Consider the decimal integer 15122. What is its value in binary?

Using our algorithm from class, divide by 2 repeatedly, and record the remainders:

15122 / 2 = 7561 R 0 7561 / 2 = 3780 R 1 3780 / 2 = 1890 R 0 1890 / 2 = 945 R 0 945 / 2 = 472 R 1 472 / 2 = 236 R 0 236 / 2 = 118 R 0 118 / 2 = 59 R 0 59 / 2 = 29 R 1 29 / 2 = 14 R 1 14 / 2 = 7 R 0 7 / 2 = 3 R 1 3 / 2 = 1 R 1 1 / 2 = 0 R 1

Reading up from the bottom, 15122 in decimal is 11101100010010 in binary.

If we stored this as a 32-bit siged integer, then it would be stored as:

00000000000000000011101100010010

(Note how the leftmost bit is 0, indicating a postive integer.)

What is this value expressed in hexadecimal? Break up the binary number into groups of 4 bits and translate each to its equivalent hex digit:

0000 0000 0000 0000 0011 1011 0001 0010 0 0 0 0 3 B 1 2

Check this in `coin` by entering `0x00003B12;` and you should
see `15122 (int)` printed out.

What is the negation of 0x00003B12 (using 2's complement notation)? To find this, flip all the bits and then add 1:

0000 0000 0000 0000 0011 1011 0001 0010 (15122 in binary) 1111 1111 1111 1111 1100 0100 1110 1101 (flip all the bits) 1111 1111 1111 1111 1100 0100 1110 1110 (add 1) F F F F C 4 E E (-15122 in hex)

Again, use `coin` to check this value. If you add 0x00003B12 and
0xFFFFC4EE in `coin` you should get 0. (Why?)

How do you compute the negation of integer i using C0 operators? Obviously, you can just write -i. But using the logical and arithmetic operators, you could use bitwise-exclusive-or (bitwise-xor):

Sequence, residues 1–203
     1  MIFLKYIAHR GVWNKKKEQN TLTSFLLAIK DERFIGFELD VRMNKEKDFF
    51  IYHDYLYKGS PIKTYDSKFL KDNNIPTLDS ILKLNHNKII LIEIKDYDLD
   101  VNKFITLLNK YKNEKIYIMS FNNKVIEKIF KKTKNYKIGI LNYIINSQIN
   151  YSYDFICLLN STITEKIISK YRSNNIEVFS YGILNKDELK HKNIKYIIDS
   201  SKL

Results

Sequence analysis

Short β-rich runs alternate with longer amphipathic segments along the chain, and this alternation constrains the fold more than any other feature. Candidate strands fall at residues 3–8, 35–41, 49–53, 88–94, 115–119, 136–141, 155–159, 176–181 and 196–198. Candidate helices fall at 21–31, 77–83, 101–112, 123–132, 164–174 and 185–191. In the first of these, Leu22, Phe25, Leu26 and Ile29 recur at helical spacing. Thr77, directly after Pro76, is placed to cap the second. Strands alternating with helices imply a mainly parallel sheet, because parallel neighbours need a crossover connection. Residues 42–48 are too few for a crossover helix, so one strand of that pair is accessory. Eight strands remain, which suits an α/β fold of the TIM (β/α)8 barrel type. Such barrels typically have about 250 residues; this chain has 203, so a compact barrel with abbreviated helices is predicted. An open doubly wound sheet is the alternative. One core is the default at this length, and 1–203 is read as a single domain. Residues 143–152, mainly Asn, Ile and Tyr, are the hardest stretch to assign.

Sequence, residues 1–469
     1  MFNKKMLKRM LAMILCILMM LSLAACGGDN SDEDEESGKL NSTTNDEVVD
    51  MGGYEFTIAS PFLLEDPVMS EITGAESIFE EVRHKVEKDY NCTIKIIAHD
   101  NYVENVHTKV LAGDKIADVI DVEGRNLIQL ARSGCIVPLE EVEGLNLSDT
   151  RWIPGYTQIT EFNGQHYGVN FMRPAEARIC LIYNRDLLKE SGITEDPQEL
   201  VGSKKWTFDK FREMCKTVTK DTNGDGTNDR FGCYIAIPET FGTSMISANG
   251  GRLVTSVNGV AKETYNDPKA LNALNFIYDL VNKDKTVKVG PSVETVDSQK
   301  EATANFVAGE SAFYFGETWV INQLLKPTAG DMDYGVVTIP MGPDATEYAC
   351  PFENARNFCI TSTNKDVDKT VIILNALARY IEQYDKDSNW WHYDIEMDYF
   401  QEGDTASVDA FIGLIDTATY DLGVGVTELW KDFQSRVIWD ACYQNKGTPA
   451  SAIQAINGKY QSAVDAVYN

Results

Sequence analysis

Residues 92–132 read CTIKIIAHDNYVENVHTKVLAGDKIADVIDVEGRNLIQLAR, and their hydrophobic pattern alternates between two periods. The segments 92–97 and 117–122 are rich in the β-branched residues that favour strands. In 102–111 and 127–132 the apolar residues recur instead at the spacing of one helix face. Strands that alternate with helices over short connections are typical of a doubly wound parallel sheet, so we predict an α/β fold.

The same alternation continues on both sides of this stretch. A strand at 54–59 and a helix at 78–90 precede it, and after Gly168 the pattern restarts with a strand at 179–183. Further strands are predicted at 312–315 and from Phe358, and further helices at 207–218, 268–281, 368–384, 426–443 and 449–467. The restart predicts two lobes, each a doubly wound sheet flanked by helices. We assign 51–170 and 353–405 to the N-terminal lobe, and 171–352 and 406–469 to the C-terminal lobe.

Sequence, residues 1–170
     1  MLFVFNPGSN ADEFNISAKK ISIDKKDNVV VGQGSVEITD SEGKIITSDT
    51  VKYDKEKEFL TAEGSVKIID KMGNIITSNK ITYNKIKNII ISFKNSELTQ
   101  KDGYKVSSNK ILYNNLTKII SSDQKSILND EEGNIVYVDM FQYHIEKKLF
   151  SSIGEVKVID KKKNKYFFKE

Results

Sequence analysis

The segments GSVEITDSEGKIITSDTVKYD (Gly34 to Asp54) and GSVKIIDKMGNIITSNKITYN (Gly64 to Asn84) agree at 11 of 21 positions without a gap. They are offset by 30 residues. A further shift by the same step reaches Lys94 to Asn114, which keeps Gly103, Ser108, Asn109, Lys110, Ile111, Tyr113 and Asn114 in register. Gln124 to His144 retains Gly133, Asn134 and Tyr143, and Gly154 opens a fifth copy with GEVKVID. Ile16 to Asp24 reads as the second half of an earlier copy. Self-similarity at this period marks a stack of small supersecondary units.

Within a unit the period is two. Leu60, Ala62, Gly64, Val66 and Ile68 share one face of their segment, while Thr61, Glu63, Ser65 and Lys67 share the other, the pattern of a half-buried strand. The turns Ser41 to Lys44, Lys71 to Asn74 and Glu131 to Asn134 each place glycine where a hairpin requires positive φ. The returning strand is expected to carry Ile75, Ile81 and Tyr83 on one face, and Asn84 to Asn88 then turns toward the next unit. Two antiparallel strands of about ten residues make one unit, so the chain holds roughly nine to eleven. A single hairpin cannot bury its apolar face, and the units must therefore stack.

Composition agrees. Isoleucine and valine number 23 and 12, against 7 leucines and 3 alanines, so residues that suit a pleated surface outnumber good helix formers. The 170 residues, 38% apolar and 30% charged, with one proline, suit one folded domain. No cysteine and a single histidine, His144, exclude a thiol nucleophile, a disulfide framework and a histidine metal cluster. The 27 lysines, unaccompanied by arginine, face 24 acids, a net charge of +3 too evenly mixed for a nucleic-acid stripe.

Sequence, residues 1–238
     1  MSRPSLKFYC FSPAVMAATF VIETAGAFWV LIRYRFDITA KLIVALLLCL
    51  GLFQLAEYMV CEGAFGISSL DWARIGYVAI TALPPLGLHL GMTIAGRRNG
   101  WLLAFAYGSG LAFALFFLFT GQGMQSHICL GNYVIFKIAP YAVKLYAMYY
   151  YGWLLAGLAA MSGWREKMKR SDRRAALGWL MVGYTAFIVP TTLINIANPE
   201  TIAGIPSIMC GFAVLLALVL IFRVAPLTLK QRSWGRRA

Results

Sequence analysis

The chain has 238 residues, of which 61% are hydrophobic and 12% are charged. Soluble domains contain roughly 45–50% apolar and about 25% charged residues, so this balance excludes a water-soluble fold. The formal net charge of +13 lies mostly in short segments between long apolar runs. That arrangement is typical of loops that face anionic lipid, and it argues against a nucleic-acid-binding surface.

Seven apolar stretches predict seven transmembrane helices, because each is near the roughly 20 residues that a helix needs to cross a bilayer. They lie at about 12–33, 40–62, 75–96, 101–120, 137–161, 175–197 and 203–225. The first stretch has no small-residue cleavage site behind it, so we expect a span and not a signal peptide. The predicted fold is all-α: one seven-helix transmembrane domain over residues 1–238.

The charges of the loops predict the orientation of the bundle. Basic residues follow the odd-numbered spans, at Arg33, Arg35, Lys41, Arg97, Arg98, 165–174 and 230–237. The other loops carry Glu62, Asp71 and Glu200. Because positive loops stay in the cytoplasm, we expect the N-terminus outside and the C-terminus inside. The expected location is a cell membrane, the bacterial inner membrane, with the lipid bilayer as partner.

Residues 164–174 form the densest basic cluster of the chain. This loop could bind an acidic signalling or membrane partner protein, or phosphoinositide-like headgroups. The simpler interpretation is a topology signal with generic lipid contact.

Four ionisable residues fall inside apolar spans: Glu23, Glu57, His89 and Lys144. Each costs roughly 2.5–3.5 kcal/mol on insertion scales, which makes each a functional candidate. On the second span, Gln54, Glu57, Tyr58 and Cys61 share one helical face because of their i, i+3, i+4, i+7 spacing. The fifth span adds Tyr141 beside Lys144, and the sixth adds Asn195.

(i ^ 0xFFFFFFFF) + 1

Think: Why does this work?

Now let's look at the shift operators. If we take the value 15122 and shift right
one bit in `coin`, we get the value 7561. It looks like a shift right
of one bit divides the value by 2. If we take 15122 and shift left by one bit,
we get 30244. So shifting left by 1 bit multiplies by 2.

What happens to the bit that gets shifted "off"? It is ignored.
What happens to the bit position that becomes "empty"? For a left shift, the
bit 0 is shifted in from the right into the rightmost bit. Note that a left
shift may change the sign of the integer. (Do you see why?)
For a right shift,
however, the sign bit is duplicated and shifted in from the left into the
leftmost bit, so the sign of the resulting value doesn't change in a right shift.
This is called *arithmetic right shift*. (There is also the notion of a
*logical right shift* where a 0 is always shifted in from the left into
the leftmost bit, but this could change the sign of the number.)

Suppose you want the rightmost 2 bits of an integer `i`?
One way to do this is
to use the bitwise-and operator like we did with the image example above:

i & 0x00000003

Another way you might think of doing this is using the modulo operator (%). If we were to divide by 4, this is equivalent to shifting right two times. The two bits that gets lost represent the bits we want. So if we use modulo (%), this is a division operation but you get back the remainder instead of the quotient, and the remainder is these two bits that we want. So you might think about doing this:

i % 4

But this doesn't work if the integer is negative. If the integer is negative
and you want the rightmost two bits, you should use the bitwise-and operator,
not modulo. Experiment in `coin` and see why.

*Exercise*

Suppose you want the alpha channel of a pixel p. Two solutions come to mind:

(p & 0xFF000000) >> 24 (p >> 24) & 0xFF

The first solution is incorrect, while the second solution is correct. Why?